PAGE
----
EHRs: Don't forget to edit

Problems arise when physicians ##ldquo;copy forward##rdquo; information from a patient's previous visit but fail to review and update what they've copied.

In a perfect world, a hospitalist starting her shift would find a succinct summary of her patient's condition and plan of care upon opening the electronic health record (EHR). But in reality, she often has to wade through pages of repetitive, unedited notes that have been carried over from past entries—lots of information, but not necessarily the right information in the right place at the right time.

“There is a lot of carrying forward of the exact same plan of care and the same impression of what is going on,” said J. Daryl Thornton, MD, ACP Member, a specialist in pulmonary and critical care medicine at MetroHealth Medical Center and an assistant professor at Case Western Reserve University School of Medicine, both in Cleveland.

Photo by Thinkstock
Photo by Thinkstock.

“If a person came in with shortness of breath, for example, consecutive progress notes might say that the physician was ordering a chest X-ray over and over again even though the X-ray had been performed and the patient had been placed on antibiotics. The notes just hadn't been updated,” he said.

Dr. Thornton and his colleagues found many similar examples in a January Critical Care Medicine study conducted in the medical intensive care unit of MetroHealth. The study concluded that 74% of attending physicians' EHR notes and 82% of residents' notes contained at least 20% of the information copied from previous notes.

“That leads to confusion,” said Dr. Thornton, “because it's hard to figure out what was done, when it was done, what the physician's thought process was, what the next step is going to be.”

Copying forward gives a command to bring forward parts of, or the entire, previous note into a new progress note, and to update certain structured information, such as blood pressure, labs and medications. Copying and pasting involves copying text verbatim from any note and pasting it into any another location.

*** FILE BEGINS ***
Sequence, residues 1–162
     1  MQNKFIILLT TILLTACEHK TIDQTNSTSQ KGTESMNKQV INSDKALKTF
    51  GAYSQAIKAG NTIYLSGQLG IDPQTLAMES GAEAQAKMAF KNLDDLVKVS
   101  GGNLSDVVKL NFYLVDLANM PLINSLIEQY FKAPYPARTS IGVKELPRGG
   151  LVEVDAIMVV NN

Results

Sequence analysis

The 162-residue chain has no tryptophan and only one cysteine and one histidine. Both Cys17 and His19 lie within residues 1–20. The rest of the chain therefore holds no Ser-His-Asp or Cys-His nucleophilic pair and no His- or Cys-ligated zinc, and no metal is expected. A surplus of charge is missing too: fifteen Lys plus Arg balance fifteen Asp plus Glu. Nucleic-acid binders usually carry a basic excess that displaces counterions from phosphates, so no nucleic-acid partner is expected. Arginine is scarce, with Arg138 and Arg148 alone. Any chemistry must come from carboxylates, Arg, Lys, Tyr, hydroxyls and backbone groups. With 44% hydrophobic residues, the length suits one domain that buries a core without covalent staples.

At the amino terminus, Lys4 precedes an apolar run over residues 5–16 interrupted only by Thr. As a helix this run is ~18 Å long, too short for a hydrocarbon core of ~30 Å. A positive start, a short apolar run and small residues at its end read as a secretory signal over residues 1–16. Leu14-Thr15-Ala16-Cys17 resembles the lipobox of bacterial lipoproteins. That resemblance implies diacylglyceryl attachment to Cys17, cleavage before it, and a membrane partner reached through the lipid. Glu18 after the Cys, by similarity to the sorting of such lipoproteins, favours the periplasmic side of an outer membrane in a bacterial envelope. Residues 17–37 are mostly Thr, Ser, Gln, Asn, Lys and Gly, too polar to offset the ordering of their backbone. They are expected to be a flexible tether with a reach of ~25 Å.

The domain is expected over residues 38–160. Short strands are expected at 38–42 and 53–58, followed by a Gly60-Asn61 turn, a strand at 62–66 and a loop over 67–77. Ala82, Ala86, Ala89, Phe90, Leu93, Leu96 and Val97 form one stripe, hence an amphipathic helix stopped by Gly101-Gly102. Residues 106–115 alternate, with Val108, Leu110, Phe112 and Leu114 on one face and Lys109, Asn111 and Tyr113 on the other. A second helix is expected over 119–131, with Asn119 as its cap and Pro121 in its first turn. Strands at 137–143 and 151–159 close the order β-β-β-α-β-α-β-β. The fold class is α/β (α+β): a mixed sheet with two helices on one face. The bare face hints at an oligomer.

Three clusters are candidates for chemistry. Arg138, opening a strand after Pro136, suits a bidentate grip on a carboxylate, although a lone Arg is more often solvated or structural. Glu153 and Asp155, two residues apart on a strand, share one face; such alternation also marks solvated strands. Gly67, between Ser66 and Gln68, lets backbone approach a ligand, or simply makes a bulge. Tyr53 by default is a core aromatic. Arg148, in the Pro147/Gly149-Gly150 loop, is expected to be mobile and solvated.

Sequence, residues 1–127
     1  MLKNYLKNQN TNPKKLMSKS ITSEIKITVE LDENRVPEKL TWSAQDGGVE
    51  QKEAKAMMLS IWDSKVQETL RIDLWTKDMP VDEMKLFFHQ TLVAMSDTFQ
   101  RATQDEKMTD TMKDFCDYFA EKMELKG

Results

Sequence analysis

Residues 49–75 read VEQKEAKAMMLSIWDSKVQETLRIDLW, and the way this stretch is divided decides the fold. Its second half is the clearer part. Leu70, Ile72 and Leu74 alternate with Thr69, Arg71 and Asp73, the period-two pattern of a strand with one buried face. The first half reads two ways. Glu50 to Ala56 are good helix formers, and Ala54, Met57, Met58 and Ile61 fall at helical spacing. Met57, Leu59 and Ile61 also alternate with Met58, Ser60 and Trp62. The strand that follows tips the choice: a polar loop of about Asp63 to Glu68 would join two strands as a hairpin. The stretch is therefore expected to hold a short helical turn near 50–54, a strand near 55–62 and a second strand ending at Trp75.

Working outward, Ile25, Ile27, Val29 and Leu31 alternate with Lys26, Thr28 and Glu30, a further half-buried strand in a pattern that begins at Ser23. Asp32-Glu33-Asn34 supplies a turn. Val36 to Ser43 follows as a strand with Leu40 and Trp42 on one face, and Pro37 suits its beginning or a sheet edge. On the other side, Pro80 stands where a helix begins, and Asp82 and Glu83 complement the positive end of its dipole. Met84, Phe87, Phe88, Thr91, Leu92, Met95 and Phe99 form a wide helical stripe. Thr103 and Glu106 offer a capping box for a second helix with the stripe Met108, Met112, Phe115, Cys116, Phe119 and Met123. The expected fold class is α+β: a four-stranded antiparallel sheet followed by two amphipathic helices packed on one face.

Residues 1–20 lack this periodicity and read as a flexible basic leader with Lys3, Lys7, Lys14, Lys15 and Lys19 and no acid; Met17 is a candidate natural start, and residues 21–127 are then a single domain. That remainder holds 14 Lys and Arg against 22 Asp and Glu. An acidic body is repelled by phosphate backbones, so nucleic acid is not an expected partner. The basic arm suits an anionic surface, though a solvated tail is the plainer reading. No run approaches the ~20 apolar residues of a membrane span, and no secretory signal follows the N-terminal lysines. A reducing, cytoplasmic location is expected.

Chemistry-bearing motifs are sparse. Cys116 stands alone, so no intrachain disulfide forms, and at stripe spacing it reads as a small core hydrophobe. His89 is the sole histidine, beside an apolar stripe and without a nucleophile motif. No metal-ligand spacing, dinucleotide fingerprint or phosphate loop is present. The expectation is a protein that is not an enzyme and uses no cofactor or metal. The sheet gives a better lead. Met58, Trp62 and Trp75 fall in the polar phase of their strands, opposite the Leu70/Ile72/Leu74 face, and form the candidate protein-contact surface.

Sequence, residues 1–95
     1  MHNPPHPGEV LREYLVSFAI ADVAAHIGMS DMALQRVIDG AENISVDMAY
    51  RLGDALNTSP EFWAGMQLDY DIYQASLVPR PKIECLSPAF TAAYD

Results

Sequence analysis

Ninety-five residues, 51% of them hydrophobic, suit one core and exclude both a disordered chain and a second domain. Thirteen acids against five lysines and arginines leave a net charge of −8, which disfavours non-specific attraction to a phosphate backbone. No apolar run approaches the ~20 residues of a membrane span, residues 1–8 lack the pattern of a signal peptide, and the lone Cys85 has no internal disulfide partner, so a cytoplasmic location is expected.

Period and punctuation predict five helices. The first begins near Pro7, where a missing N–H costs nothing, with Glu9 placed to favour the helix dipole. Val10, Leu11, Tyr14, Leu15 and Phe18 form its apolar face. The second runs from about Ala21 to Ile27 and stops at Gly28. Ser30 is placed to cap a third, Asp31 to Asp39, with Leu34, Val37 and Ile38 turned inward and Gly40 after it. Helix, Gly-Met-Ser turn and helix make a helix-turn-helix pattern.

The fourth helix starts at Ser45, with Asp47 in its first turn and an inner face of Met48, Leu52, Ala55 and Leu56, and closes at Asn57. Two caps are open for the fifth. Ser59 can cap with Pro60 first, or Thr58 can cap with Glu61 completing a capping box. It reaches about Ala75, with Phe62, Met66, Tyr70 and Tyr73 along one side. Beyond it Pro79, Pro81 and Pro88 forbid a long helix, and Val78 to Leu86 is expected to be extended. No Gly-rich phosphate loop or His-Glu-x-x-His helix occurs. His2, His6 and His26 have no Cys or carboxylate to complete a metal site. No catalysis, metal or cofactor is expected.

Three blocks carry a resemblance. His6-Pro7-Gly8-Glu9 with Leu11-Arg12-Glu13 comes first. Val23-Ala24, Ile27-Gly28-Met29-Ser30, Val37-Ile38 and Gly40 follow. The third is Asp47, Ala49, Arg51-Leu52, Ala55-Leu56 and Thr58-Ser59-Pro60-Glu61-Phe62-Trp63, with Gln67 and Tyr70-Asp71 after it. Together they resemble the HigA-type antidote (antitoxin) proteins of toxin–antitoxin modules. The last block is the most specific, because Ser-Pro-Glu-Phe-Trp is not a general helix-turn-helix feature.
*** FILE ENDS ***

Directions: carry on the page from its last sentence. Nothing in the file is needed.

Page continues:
Both practices can help physicians be more efficient by spending less time on data entry and more time on direct patient care, experts said. However, problems arise when physicians fail to review and update what they've copied to ensure that it is accurate and pertinent to the patient's current situation.

Editing is key

The ability to copy forward information from a patient's previous visit is useful for providing context, said ACP Fellow Michael Zaroukian, MD, PhD, vice president and chief medical information officer of Sparrow Health System, as well as chair of ACP's medical informatics committee.

“Before I see a patient, I frequently look at their last history of present illness or what their last exam showed and pull it into the note if relevant,” said Dr. Zaroukian, who is also a professor of medicine and former chief medical information officer at Michigan State University in East Lansing. “Even though I assess the patient's condition today, I do so in the context of my previously recorded history, examination, assessment and plan, reusing the information that is relevant and unchanged. I update what is new or different and include the patient in the discussion of important changes, saying ‘Here's what we saw last time.’”